Translocational research – Excuse me?

April 30, 2006

From a perspective on the AHRQ web site, Dr. Robert Wachter wrote in September of 2005: “It strikes me that much of the progress that we have made in the patient safety field over the past decade reflects a different kind of translational research: the translation not of basic research discoveries into clinical applications, but of insights and practices from non–health care fields into health care. To highlight the movement from non-medical fields into medicine, I propose that we call this translocational research.” (1).

I submitted the following comment about this perspective, but it got translocated into the recycle bin.

Dr. Wachter proposes that the mechanism of transferring practices from non healthcare fields into healthcare be called “translocational research”. Yet, this practice already has a name: “technology transfer.” If one puts the words “technology transfer” (with quotes) into the Google search engine, one gets over 32 million hits. Much has been written on the subject (2).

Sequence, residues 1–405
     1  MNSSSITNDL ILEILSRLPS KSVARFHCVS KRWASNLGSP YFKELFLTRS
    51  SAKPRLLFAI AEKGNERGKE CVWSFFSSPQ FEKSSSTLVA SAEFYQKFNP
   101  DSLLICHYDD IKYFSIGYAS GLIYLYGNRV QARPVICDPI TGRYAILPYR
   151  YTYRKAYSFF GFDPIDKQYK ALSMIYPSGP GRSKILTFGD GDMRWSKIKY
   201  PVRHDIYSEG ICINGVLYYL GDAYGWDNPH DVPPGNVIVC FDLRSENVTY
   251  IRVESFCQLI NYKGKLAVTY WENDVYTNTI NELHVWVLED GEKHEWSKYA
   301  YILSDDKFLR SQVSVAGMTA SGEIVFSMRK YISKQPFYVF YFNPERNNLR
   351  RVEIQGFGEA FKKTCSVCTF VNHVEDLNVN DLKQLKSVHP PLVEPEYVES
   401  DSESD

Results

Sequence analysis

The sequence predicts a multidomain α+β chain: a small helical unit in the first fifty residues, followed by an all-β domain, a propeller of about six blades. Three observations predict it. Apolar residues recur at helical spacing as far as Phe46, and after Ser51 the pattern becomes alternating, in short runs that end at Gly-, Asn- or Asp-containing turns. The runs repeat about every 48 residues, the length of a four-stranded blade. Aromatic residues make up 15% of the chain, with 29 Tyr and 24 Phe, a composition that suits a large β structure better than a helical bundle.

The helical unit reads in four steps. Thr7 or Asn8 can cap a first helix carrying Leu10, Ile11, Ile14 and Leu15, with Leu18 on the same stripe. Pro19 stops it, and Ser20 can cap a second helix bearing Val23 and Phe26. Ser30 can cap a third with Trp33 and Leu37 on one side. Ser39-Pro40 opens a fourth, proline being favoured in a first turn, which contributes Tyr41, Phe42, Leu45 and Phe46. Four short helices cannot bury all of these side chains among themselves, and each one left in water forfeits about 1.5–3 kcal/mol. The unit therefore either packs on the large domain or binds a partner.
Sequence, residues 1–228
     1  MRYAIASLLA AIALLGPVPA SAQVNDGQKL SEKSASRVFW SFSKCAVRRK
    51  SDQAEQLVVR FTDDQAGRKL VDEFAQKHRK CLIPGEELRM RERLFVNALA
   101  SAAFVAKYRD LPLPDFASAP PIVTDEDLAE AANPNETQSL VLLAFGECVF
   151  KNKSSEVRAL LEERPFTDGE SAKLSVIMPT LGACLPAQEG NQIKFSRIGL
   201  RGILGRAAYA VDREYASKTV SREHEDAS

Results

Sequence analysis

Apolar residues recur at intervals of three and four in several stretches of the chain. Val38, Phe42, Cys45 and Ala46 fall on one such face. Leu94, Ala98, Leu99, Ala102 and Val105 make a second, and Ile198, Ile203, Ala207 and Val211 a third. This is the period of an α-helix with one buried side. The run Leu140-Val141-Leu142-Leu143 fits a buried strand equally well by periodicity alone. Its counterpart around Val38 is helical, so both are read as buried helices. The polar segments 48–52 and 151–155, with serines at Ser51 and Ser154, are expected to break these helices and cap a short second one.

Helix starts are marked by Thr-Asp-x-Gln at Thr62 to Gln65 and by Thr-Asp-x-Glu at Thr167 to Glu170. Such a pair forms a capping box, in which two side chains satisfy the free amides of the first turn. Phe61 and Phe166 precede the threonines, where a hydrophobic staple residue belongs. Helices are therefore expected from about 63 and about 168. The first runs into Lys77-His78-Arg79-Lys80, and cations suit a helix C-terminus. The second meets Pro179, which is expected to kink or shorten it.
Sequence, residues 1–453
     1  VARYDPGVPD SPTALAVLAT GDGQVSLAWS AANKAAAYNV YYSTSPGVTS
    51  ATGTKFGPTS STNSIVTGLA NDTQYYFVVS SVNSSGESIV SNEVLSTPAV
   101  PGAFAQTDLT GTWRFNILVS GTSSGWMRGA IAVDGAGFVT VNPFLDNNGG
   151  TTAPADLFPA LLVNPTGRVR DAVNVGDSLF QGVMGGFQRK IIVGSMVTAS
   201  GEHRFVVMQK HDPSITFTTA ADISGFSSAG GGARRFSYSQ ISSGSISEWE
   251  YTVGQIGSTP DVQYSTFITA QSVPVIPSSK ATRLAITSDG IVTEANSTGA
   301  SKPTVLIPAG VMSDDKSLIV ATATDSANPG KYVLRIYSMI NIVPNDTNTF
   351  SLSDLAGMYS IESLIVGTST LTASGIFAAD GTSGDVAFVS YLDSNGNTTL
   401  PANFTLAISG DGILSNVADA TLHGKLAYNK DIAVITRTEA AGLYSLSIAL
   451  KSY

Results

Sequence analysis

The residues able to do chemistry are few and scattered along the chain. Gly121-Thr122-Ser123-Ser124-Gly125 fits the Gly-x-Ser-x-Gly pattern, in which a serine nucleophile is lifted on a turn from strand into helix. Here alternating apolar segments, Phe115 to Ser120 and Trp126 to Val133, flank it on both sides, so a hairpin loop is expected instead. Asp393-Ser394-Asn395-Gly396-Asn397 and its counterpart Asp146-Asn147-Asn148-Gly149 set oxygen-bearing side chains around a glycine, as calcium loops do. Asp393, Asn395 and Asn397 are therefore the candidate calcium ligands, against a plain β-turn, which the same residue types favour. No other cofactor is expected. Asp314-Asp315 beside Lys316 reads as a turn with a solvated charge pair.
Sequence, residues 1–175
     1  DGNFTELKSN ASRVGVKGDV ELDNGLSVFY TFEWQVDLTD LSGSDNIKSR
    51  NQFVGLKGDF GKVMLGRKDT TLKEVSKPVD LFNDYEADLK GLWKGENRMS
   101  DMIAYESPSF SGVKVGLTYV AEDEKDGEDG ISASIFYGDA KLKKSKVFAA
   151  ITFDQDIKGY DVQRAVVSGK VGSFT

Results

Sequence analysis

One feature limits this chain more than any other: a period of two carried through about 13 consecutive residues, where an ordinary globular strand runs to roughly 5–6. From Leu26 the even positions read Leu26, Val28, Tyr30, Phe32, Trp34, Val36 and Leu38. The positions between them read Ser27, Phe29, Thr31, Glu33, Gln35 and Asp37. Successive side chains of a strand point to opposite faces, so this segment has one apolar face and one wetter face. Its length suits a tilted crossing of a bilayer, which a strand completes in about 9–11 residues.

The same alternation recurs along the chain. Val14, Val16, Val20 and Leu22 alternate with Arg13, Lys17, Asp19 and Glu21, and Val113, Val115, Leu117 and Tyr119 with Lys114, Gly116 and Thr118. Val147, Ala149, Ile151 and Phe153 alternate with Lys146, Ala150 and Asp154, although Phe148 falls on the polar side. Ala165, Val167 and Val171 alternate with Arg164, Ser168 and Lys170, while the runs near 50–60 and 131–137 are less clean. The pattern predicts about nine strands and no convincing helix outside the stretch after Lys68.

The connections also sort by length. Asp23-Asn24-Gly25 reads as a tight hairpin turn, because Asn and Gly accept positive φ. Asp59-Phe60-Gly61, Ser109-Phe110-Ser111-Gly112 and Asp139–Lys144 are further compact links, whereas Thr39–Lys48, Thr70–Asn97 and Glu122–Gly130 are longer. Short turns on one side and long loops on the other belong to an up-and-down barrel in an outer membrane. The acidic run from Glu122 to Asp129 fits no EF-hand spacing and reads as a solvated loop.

As someone who has spent time transferring engineering reliability tools into healthcare, I note whenever possible, the terminology should remain the same so that it is understandable to practitioners in the original field. Hence, I don’t see the need for inventing a new term.


  1. See
  2. Davenport H and Prusak L. Working knowledge: How organizations manage what they know. Cambridge, MA: Harvard Business School Press, 1998.



“I so anoint you”

April 29, 2006

Don Berwick, the former president of the Institute of Healthcare Improvement referred to one of his coworkers several times as “Tom Nolan, one of the leading quality-improvement scholars of our time” (1-2). Now as for leading quality improvement scholars, I’ve heard of Deming, Juran, Crosby, and Taguchi but until I came across references 1 and 2, I hadn’t heard of Tom Nolan. You be the judge (3).


  1. Errors Today and Errors Tomorrow Berwick DM N Engl J Med 2003;348:2570-2572.
  2. Editorial in The Washington Post, July 29, 2003.
  3. See,